On admission to the ICU at 6:20 am: the patient was unconscious with preserved brain stem reflexes, equal slowly responding pupils. Afebrile-36.3°C, with cyanosis and a mottling of the trunk and lower limbs, cold peripheries and signs of hypovolemia. She was in circulatory shock, blood pressure 120/55 mmHg on noradrenaline at a dose of 0,20 µg/kg/min; ECG showed alternating sinus rhythm and paced rhythm with wide complexes 80/min. Her abdomen was distended, but soft with no bowel sounds, she was anuric. Laboratory investigation changed dramatically and was consistent with severe sepsis/septic shock with multiorgan dysfunction, procalcitonin level was remarkably elevated to 96.8 ng/ml (Table 1).
Microscopic examination of peripheral blood smears requested for differential blood count processed by May-Grünwald Giemsa stain revealed the presence of bacterial rods (Figure 1).
Given the suspected infectious etiology and the clinical picture, the patient’s blood was drawn for blood culture and PCR diagnosis of the potential pathogens; while empirical broad-spectrum antibiotic therapy (imipenem/cilastatin+metronidazole) was initiated. The patient received aggressive fluid resuscitation with high dose vasopressor support and stress dose steroids replacement. Imaging studies: chest X-ray, abdominal US, transthoracic echocardiography did not show the obvious source of infection, making us to consider urinary tract infection or mesenterial ischemia as a probable cause of sepsis. Progressive multiorgan failure was resistant to resuscitation therapy and the patient died at 4 pm on the same day with the clinical diagnosis of refractory septic shock.
The suspected infectious etiology of the shock was confirmed by the detection of the pathogen in a blood sample using sequencing of the 16S rRNA and 18S rRNA genes and identifying Capnocytophaga canimorsus in the load of 6.141,239 genome equivalents/ml of blood sample. The laboratory results were received due to the processing of the sample and the detection time several hours after the patient had died. The two aerobic and anaerobic blood cultures using conventional microbiological techniques were negative.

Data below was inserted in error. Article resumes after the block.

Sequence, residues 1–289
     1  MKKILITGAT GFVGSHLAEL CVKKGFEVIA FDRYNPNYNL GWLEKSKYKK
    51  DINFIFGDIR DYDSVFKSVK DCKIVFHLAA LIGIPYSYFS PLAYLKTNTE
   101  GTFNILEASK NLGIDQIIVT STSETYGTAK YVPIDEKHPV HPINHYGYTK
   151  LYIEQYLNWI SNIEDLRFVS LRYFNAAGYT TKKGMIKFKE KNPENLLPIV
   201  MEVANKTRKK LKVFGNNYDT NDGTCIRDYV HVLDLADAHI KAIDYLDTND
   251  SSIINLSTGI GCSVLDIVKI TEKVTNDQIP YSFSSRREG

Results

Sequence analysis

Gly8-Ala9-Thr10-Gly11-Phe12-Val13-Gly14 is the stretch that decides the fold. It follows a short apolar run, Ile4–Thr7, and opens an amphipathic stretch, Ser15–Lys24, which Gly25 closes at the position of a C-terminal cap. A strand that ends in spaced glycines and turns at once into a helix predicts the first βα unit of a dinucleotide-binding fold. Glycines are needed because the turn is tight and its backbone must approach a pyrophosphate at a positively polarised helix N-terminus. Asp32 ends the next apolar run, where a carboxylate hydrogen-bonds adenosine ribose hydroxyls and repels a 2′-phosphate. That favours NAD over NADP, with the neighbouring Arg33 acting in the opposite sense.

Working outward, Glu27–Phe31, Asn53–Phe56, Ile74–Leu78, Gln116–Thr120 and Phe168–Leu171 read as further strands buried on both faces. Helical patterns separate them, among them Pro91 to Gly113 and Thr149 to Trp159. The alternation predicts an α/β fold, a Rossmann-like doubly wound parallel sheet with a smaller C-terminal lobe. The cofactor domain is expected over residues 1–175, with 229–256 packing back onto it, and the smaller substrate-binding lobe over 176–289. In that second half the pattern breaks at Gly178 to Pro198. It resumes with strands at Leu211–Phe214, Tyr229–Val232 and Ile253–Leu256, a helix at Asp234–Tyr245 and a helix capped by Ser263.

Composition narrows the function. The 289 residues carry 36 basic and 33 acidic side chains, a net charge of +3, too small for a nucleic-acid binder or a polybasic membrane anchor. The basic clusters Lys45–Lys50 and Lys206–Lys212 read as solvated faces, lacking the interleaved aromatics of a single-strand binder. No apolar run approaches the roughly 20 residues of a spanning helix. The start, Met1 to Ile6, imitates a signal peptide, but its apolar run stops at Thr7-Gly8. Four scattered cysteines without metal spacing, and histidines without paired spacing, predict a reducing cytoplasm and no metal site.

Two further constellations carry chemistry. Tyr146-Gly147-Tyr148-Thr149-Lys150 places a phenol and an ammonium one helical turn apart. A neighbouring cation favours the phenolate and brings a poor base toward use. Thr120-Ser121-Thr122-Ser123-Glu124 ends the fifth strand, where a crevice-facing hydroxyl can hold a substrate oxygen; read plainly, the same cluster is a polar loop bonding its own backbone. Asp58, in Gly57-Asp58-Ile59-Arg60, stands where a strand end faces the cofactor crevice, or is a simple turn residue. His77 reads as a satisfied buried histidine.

Capnocytophaga canimorsus is commensal bacteria frequently found in oral cavity of dogs and cats. Van Dam et al. reported PCR detection of C. canimorsus in 74% of tested dogs .
It is capnophilic, facultatively anaerobic, Gram negative bacillus capable of fusiform movement. Biochemical profile is characterized by positive reaction to oxidase, catalase, O-nitrofenyl-beta-D-galactosidase and arginine hydroxylase and negative reaction to urease, indol and nitrate. Capnocytophaga species are regarded difficult to culture because of its specific requirements for nutrients including higher iron and carbon dioxide levels. C. canimorsus was routinely grown on Heart Infusion Agar (Difco) supplemented with 5% sheep blood (Oxoid) for 2 days at 37°C in an incubator containing 5% CO2. Often, the organism cannot be detected by standard laboratory methods [6,7].